How Christine went from having no job and no home to becoming a university graduate at 57

Five years ago, 52-year-old Rest Less member Christine Rollinson made the decision to leave an unhappy long-term relationship, and found herself with no job, no home and no idea where to turn next. But on the 11th July 2019, the mum of three from South Shields graduated with a 2:1 degree in criminology from The University of Sunderland…

When Christine split from her partner of 22 years in April 2014, she hit a low point when her life seemed to be falling apart around her. Having dedicated the last couple of decades to being a full-time mum to her daughter and two sons, Christine had no paid employment, and after walking away from her relationship – no home either.

Christine Rollinson
Christine with her eldest daughter

“I just couldn’t stand my situation anymore - I had to get out of there”

Thinking back to the day she packed her bags, she says, “Splitting from my ex was tough, but I just couldn’t stand my situation anymore – I had to get out of there. I literally packed my bags and left. I didn’t have anywhere else to go, so I went down to the council offices and explained that I couldn’t go back. They explained that I’d have to stay in a refuge or a hostel. Hearing that was pretty awful, but I didn’t care at the time.

“They asked me whether I was sure that I didn’t have anyone else I could stay with, which is when I thought about my stepdad. Seeing as he and my mum were no longer together I wasn’t sure, but I sent him a message and he said I could stay with him. Me and my youngest son, who was 13 at the time, stayed with him for three months and luckily I was able to get a council house after that.”

“I’d heard about Access courses before and thought it could be something I might enjoy doing. So I went along to a local college for an open day”

Apart from finding somewhere else to live, Christine also knew that she would have to go back to work, but having been out of education for 40 years and out of work for 25 years, she felt unsure about what opportunities would be available to her.

She says, “I had worked in a library before I had children, but that was a long time ago. When I first started looking for work again it was incredibly daunting, especially having to create a new CV.”

However, whilst considering her career prospects, Christine decided to go along to what she thought was just a regular open day at her local college:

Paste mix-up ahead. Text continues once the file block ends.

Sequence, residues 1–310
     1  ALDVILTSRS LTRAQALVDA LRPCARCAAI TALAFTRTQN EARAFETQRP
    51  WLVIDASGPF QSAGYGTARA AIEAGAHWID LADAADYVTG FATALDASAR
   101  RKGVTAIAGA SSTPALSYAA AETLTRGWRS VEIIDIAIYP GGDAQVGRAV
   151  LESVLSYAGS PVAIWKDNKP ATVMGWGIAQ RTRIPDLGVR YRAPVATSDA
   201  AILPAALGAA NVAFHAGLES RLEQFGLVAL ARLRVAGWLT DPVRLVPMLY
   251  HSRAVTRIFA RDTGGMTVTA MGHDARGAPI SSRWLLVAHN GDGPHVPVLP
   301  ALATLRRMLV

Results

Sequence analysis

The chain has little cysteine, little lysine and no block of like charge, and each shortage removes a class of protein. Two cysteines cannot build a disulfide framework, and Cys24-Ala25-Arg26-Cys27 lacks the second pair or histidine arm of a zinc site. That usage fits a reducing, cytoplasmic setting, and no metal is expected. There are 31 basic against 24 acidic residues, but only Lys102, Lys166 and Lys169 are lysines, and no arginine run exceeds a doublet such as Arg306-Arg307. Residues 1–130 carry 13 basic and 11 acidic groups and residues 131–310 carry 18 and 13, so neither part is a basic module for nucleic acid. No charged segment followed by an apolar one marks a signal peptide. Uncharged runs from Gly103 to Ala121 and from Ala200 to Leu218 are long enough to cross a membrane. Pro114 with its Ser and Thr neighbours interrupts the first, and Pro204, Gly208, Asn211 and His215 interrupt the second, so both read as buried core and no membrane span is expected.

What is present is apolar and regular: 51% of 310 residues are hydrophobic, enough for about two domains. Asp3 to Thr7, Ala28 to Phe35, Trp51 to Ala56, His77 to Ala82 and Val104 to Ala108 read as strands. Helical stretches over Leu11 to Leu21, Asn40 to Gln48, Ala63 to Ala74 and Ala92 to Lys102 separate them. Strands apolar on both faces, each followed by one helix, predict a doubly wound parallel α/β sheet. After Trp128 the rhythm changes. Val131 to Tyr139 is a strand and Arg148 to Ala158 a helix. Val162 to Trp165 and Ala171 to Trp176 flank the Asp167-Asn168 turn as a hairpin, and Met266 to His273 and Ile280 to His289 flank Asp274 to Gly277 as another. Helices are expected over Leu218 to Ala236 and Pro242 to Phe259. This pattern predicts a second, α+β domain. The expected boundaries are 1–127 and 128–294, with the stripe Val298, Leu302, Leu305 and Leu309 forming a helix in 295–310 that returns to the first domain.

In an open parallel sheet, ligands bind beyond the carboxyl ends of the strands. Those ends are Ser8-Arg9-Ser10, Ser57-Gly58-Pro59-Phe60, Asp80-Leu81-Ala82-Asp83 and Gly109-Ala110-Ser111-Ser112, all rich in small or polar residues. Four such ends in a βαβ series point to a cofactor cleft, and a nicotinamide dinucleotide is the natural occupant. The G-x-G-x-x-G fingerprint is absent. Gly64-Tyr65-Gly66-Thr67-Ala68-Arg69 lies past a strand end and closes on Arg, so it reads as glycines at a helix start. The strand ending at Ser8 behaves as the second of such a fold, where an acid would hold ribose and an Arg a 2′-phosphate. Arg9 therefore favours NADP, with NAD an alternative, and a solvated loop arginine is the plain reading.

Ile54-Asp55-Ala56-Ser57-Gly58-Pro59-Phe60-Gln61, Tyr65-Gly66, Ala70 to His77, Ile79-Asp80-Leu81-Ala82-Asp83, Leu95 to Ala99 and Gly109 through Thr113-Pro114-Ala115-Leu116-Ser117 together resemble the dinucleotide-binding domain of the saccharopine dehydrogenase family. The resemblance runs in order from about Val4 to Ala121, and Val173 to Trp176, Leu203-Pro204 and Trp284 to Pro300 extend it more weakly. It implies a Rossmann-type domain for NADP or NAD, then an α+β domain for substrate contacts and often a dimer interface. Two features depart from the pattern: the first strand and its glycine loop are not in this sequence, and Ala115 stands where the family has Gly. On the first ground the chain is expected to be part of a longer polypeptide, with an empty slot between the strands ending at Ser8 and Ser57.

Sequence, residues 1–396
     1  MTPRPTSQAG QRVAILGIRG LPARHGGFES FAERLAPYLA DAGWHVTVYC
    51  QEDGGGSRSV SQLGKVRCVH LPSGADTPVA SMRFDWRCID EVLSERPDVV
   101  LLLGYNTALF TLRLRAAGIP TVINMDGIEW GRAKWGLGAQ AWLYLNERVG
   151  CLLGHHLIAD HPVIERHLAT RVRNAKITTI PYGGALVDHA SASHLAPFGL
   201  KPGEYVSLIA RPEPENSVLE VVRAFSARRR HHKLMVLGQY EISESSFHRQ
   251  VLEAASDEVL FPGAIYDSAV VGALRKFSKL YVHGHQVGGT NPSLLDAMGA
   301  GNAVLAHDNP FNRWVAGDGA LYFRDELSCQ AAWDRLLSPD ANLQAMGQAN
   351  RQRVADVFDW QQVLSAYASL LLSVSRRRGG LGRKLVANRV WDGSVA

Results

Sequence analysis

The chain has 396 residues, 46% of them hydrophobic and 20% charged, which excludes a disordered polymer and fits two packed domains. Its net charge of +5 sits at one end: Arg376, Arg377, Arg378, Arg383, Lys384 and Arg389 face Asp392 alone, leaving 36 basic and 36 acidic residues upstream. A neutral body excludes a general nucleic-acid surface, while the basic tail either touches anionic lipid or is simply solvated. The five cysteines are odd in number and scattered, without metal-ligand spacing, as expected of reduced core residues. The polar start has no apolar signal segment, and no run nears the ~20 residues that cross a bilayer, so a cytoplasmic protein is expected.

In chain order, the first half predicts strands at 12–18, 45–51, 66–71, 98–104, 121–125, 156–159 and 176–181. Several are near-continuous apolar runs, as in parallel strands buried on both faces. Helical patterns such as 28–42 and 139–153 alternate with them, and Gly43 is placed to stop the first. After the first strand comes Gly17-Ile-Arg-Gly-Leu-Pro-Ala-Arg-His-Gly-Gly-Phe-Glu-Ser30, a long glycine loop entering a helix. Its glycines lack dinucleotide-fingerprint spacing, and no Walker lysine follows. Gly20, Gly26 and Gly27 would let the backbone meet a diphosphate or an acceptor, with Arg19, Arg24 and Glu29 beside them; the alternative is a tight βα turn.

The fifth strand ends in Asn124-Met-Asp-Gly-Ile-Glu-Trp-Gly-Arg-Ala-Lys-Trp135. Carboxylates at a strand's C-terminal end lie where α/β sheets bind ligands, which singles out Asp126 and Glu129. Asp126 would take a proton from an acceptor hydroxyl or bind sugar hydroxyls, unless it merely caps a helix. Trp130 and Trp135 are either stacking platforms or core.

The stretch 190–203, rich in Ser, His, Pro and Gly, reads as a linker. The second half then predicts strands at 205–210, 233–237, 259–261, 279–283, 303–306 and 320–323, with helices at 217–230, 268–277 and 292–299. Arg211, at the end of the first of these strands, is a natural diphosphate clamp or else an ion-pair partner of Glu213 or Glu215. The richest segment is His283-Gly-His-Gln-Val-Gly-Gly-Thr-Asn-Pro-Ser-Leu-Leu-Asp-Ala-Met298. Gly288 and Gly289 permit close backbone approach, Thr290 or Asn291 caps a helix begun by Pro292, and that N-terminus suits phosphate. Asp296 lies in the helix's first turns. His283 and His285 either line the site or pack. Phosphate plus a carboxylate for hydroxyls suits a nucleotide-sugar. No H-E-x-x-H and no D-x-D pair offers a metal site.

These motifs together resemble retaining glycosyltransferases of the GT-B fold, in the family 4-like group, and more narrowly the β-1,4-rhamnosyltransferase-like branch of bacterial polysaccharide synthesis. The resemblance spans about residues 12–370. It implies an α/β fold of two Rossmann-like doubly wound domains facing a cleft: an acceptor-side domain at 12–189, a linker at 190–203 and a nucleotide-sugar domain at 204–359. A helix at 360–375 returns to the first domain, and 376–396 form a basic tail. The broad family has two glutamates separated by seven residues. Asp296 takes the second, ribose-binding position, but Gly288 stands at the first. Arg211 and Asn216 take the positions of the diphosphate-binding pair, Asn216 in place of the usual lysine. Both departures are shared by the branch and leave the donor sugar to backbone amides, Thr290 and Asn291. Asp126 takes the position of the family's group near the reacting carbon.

“I’d heard about Access courses before and thought it could be something I might enjoy doing. I won’t be able to retire until I’m about 67 or 68, so I thought ‘Well if I’m going to be working for at least another 10 years, then I might as well try and give myself the chance to get the best job I can.’

“I went along to a local college for an open day. But when I arrived everything happened so fast. It was literally a case of ‘fill out this form and we’ll be in touch to arrange an interview!’ I was quite surprised, but it was a good thing that it happened like that, otherwise I might have thought about it too long and talked myself out of it. So I filled out the form, waited and then went along to the interview – they told me I could start in September, and that was that!

“I chose Access to Humanities and the course was quite varied, covering core subjects like English and Maths, as well as things like Psychology and Sociology. I attended classes two nights a week for a year. I also began volunteering during the days for the homeless charity, Shelter, which involved working with ex-offenders doing rehabilitation.”

“Apply to uni?!”

Still coming to terms with the difficult circumstances she’d been dealing with over the past year, Christine hadn’t thought much beyond the end of her Access course, but before long her tutors were telling her it was time to apply to uni.

Laughing, Christine says:

“I remember thinking, ‘What?! Apply to uni?!’ But I just decided to go with it as I felt like I had nothing to lose. I had a think about what I might like to study, eventually deciding on a joint degree in Psychology and Criminology – which I later cut down to just Criminology, as I decided that I would rather focus on a single subject.”

“I just got on so well with everyone and there was no age difference in their eyes.”

Christine started her undergraduate degree at The University of Sunderland in the autumn of 2016 and hasn’t looked back since. Although she was initially worried about going to university as a mature student, she realises now that she didn’t need to be.

She explains, “I was worried about my age at first, but my tutors and lecturers have been really encouraging and told me that I’m doing a great thing. I also had a really lovely friend called Lucy, who was only 21. I just got on so well with everyone and there was no age difference in their eyes. Well if there was, it didn’t appear like that. I think they kept me going, and kept me young.”